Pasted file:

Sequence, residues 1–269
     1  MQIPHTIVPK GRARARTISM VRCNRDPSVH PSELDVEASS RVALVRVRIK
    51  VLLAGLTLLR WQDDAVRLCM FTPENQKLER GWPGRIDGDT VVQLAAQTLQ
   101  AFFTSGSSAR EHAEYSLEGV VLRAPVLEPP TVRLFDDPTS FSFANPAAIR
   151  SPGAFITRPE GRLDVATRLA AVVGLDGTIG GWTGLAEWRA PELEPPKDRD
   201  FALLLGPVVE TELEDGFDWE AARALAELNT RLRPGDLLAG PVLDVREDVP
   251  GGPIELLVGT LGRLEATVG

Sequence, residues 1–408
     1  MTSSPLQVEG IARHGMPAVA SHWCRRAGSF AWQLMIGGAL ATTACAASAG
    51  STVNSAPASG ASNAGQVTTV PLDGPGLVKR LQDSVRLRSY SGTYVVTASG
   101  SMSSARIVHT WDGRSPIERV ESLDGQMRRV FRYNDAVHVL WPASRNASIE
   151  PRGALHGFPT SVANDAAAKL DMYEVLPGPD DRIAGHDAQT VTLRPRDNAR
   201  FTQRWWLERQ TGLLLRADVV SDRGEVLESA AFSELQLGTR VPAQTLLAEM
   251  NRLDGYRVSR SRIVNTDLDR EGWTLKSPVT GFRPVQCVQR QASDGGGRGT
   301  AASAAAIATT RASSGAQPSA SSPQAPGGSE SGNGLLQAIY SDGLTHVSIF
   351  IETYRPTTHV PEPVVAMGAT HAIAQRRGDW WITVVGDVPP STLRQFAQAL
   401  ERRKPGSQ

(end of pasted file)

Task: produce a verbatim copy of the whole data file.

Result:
Sequence, residues 1–269
     1  MQIPHTIVPK GRARARTISM VRCNRDPSVH PSELDVEASS RVALVRVRIK
    51  VLLAGLTLLR WQDDAVRLCM FTPENQKLER GWPGRIDGDT VVQLAAQTLQ
   101  AFFTSGSSAR EHAEYSLEGV VLRAPVLEPP TVRLFDDPTS FSFANPAAIR
   151  SPGAFITRPE GRLDVATRLA AVVGLDGTIG GWTGLAEWRA PELEPPKDRD
   201  FALLLGPVVE TELEDGFDWE AARALAELNT RLRPGDLLAG PVLDVREDVP
   251  GGPIELLVGT LGRLEATVG

Sequence, residues 1–408
     1  MTSSPLQVEG IARHGMPAVA SHWCRRAGSF AWQLMIGGAL ATTACAASAG
    51  STVNSAPASG ASNAGQVTTV PLDGPGLVKR LQDSVRLRSY SGTYVVTASG
   101  SMSSARIVHT WDGRSPIERV ESLDGQMRRV FRYNDAVHVL WPASRNASIE
   151  PRGALHGFPT SVANDAAAKL DMYEVLPGPD DRIAGHDAQT VTLRPRDNAR
   201  FTQRWWLERQ TGLLLRADVV SDRGEVLESA AFSELQLGTR VPAQTLLAEM
   251  NRLDGYRVSR SRIVNTDLDR EGWTLKSPVT GFRPVQCVQR QASDGGGRGT
   301  AASAAAIATT RASSGAQPSA SSPQAPGGSE SGNGLLQAIY SDGLTHVSIF
   351  IETYRPTTHV PEPVVAMGAT HAIAQRRGDW WITVVGDVPP STLRQFAQAL
   401  ERRKPGSQ